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Abstract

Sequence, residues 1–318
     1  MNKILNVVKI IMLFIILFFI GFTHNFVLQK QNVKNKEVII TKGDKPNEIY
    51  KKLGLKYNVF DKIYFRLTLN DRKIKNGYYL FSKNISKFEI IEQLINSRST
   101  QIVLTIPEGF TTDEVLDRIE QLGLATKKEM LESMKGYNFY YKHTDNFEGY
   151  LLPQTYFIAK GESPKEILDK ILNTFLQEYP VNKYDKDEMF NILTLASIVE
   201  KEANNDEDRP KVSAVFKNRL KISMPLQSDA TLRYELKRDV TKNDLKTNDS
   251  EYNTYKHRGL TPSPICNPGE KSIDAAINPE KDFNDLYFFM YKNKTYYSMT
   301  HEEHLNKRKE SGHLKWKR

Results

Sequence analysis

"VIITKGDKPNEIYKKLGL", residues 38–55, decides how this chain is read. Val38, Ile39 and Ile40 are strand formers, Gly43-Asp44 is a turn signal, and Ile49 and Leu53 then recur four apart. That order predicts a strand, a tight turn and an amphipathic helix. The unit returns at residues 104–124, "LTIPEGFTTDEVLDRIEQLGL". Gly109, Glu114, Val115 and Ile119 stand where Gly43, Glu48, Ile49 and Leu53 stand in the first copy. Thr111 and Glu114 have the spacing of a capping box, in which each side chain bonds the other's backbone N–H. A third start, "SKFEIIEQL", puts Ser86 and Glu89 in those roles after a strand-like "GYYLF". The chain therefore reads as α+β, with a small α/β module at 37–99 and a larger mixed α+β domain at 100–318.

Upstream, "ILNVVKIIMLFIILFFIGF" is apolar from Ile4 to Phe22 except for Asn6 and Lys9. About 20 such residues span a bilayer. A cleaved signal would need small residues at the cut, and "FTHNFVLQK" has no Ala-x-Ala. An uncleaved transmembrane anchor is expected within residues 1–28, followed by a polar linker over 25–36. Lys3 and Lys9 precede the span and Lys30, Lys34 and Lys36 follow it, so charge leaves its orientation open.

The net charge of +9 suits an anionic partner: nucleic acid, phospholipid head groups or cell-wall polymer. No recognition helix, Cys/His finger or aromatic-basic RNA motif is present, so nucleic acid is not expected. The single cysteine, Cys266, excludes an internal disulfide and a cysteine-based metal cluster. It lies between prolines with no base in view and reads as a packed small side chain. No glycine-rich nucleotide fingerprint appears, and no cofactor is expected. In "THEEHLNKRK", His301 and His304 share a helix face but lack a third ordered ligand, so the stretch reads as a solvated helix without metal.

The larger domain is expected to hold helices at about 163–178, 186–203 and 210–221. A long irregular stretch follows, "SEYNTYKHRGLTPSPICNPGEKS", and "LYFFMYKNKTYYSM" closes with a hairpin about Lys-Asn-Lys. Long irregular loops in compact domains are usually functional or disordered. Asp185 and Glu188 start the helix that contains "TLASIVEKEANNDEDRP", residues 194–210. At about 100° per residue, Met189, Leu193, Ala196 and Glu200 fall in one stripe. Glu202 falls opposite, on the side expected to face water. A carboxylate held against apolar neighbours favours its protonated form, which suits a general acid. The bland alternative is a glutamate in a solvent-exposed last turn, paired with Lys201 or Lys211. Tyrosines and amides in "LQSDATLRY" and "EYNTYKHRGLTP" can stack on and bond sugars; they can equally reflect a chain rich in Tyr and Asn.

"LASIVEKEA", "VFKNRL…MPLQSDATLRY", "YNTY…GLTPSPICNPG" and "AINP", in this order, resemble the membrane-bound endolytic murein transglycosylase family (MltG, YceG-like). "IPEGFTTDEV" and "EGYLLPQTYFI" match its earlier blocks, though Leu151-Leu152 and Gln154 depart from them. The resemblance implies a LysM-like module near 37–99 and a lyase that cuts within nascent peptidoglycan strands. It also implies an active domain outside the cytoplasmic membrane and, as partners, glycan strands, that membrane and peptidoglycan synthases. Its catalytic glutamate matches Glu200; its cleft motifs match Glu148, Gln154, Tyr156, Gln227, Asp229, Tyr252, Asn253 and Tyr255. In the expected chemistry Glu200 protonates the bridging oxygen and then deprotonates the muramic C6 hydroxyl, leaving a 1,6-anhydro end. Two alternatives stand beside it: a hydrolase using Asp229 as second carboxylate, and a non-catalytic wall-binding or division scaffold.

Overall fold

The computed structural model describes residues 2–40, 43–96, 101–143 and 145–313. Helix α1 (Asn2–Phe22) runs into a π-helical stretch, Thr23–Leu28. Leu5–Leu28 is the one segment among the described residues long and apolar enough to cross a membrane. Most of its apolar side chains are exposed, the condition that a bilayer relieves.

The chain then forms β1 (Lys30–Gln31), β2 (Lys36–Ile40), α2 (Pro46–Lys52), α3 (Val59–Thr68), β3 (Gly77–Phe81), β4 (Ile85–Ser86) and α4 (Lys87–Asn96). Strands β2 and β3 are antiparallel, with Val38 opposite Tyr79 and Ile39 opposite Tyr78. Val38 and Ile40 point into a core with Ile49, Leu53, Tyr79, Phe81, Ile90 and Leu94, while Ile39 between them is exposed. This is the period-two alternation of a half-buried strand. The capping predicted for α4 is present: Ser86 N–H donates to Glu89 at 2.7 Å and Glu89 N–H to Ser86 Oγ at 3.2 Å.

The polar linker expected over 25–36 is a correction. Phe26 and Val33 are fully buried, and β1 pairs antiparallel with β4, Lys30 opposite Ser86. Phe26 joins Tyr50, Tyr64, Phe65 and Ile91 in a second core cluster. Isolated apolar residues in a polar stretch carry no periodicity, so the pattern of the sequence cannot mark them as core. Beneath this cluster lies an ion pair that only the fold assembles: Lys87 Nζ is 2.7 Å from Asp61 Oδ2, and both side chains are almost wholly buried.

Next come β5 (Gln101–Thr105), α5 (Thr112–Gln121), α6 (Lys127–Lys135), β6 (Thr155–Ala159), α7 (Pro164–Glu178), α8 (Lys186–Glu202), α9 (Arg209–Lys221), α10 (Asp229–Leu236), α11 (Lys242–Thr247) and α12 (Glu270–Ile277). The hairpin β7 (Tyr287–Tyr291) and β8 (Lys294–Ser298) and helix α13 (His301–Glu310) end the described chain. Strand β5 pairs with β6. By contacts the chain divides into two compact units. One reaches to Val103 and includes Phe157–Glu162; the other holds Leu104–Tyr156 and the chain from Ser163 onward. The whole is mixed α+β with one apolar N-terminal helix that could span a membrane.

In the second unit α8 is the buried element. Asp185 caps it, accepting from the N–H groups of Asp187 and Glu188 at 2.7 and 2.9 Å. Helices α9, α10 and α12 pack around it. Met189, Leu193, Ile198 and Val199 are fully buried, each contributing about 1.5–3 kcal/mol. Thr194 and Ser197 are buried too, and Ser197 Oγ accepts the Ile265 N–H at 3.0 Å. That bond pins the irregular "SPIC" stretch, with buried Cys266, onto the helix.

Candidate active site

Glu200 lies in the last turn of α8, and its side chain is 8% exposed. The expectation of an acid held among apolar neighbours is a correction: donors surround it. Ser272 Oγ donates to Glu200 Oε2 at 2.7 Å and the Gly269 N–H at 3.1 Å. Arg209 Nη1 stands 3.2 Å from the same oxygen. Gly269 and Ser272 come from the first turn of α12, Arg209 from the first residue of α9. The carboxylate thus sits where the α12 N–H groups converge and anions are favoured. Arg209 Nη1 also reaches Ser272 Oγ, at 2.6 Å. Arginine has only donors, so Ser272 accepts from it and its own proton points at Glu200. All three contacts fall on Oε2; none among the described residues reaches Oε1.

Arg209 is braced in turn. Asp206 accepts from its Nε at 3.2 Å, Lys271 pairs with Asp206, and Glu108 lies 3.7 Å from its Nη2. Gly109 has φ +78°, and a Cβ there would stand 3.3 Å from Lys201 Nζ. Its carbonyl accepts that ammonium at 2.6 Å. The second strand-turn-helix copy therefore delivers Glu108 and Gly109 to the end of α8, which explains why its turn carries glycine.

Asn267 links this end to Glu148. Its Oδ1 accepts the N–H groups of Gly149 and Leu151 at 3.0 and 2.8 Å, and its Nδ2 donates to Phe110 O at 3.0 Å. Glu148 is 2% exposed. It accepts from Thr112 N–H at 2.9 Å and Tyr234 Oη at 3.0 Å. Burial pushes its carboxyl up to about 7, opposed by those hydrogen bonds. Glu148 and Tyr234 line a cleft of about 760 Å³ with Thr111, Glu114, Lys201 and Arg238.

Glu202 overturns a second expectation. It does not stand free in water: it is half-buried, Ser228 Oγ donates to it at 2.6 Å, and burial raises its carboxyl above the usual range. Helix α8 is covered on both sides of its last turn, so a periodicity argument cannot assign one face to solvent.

The rise of land plants during the early Palaeozoic had profound effects upon subsequent Earth history and evolution. The sequestration of standing biomass and carbon burial caused a primary shift in the distribution of active carbon within the biosphere and surficial Earth systems. This manifested itself in a dynamic decline in pCO2 during Silurian–Devonian time, affecting both terrestrial and marine ecosystems. We examined first-order correlations between terrestrialization and pCO2 by comparing the GEOCARB III data with time-constrained fossil events in the early evolution of land plants. We compared the same GEOCARB III data with the species/genus richness of lower Palaeozoic acritarchs. The correlation between the rise of woody plants and pCO2 is built into the GEOCARB model for the Late Devonian and later, but pCO2 begins to decline in the Cambrian long before the origin of woody trees (lignophytes). The influence of early phases in plant evolution may be seen in a two-stage pCO2 decline corresponding to fossil evidence for the origin of thalloid bryophytes in the Middle Cambrian and the origin of tracheophytes near the Ordovician–Silurian boundary. The decline of the acritarchs shows a highly correlated lag of about 10 Ma with respect to the pCO2 decline. The relation between pCO2 and acritarch species richness suggests a tight coupling between the evolution of the marine phytoplankton and atmospheric CO2, supporting previous suggestions that pCO2 was a significant causal factor in the near extinction of acritarchs by the end of the Devonian.

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